The Critical Lawyers' Handbook Volume 1
3: Critical Legal Practice
lawyers, both academic and practising, have often insisted upon the relevance
of their work to the wider project of fundamental social change. They do
so now at a time when the traditional agent of change, the working class,
is itself marginalised and the left generally is exhibiting a loss of nerve
amounting almost to panic. This is the context which now shapes any discussion
of the relationship between a legal practice and a socialist practice, and
we have to take the weight of it.
The catastrophic failure of the Soviet attempt to construct a new order, the triumphalism of the West and the effective absence of the working class from the political stage have taken a heavy toll on current political thinking (Richards, 1990). The very idea of progress itself is now considered by many to be an undesirable Enlightenment delusion. Marxism is seen as a relic from a time when people naively believed in categories (or meta-narratives) like capital and accumulation, and gullibly trusted in the power of reason to grasp in their totality the laws of motion of the modern world. We now peer darkly through a postmodern pea-souper of pluralism, relativism, difference, consumerism and the politics of identity.
The salient features of the new consensus that is emerging from the fog are an acceptance of the capitalist market and an emphasis on civil society. The market or at least the socialised market, is now confidently embraced by the left as the best form of economic organisation for society (Blackburn, 1991). This is consistent with the growing focus over the past decade on civil society as the most fruitful arena for progressive activity of any sort, well away from the darker realms of power politics and the state. In civil society the participatory citizen of the future will, it is claimed, be enabled and empowered by the exercise of individual freedom and consumer choice and by ever more accountable and democratic institutions and structures.
The model has been described as 'a pluralist civil society guarded by an open and accountable state' (Keane, 1988, p. 238). Notice how the state has crept back into the picture in the guise of a friendly security guard. It would appear that the promise of civil society can only be delivered by substantial reforms of and by the state and its legal system. A bill of rights, a citizen's charter, elected judiciary, community policing, proportional representation, cooperatives, eco-friendly-industry, listening banks ... these, we are told, are the way forward.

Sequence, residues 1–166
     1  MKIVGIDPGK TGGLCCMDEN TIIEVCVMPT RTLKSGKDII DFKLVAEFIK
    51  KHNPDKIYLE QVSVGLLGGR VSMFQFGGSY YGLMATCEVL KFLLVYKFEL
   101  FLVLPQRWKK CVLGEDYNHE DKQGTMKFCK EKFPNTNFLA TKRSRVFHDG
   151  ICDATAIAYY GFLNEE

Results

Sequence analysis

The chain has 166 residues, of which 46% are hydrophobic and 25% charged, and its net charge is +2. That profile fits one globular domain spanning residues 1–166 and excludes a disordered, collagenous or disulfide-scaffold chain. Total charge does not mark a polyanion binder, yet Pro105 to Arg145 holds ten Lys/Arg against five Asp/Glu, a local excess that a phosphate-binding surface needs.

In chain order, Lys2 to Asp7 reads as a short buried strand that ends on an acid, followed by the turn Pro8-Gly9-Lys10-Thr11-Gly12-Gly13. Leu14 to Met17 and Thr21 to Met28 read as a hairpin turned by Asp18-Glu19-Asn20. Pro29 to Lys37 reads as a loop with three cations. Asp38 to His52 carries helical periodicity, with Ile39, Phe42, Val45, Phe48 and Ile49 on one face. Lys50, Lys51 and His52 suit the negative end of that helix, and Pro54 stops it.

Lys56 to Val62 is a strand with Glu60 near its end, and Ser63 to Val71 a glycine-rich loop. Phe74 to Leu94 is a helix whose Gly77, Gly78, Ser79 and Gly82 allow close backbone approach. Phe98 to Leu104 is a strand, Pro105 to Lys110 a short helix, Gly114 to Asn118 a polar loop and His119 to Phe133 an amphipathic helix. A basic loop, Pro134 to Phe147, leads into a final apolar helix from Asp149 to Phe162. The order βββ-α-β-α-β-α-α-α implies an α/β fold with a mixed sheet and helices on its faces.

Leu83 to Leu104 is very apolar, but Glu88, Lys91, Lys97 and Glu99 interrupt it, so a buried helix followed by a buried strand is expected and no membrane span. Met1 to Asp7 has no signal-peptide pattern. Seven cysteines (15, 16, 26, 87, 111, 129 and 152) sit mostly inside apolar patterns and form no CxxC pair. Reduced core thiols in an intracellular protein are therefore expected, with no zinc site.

Inevitably, socialist lawyers are tempted by these ideas to believe that their professional activity can play a major role in achieving social change. As another champion of a 'new settlement' puts it: 'It appears that a plausible resolution of some of the dilemmas of contemporary politics can only be provided if enhanced political participation is embedded in a legal and constitutional framework that protects and nurtures individuals, and other social categories, as "free and equal citizens".' (Held, 1991, P. 23)
Who better then than lawyers to negotiate the new Social Contract with the state, to draft the constitutions which will extend and entrench our liberties, to formulate the ground rules of the new dispensation? Not before time, many will think. After all, didn't Marx always underestimate the importance of rights and the law? 1
Radical lawyers regard such a deployment of their professional skills as something more than gradual reformism. They see their work as linking up with broader movements of social transformation, as constituting a counter-hegemonic strategy in its own right, as forging one prong of a fork which can still deflate the system altogether. They see themselves as compensating for the failure of the old Marxist left to realise, as Gramsci warned them, that the war against capitalism must first be joined, even won, in civil society, at the level of ideology and culture, before the state and the mode of production can be confronted.2 This is not the place to defend the Marxist tradition and its Project of human emancipation against trends which closely resemble what Marx himself called 'sentimental, socialistic day dreams ... utopian, mutton-headed socialism' (Marx, 1976). It is the place to open the argument that we will not even adequately defend ourselves in the present, never mind usher in a brave new citizen's world, if we adopt a strategy which is based around the law, constitutional reform and the acceptable face of the market.
We should begin by pointing out that the distinction between the state and civil society, in particular as it was first drawn by Marx, is being much abused. Civil society, now referring more to institutions like the family, the church, the supermarket, the hospital, the cooperative and so on than to the capitalist economy, is being represented as a sphere of opportunity where, if state coercion and capitalist excess can be resisted or removed by progressive legislation, freedom can flourish. This is misleading indeed, for it is civil society which is the root cause of our problems (Wood, 1988 and 1990).
get a better understanding of civil society we have to return to a familiar
starting point: the separation of the economic and the political spheres
of life which is a distinctive feature of capitalist society. This separation
arises because under capitalism the process of appropriation by one class
of what is produced by another does not in principle depend upon any juridical
or political distinction between capitalist and worker. Nor does the capitalist
have to rely in the first instance upon coercion to ensure that appropriation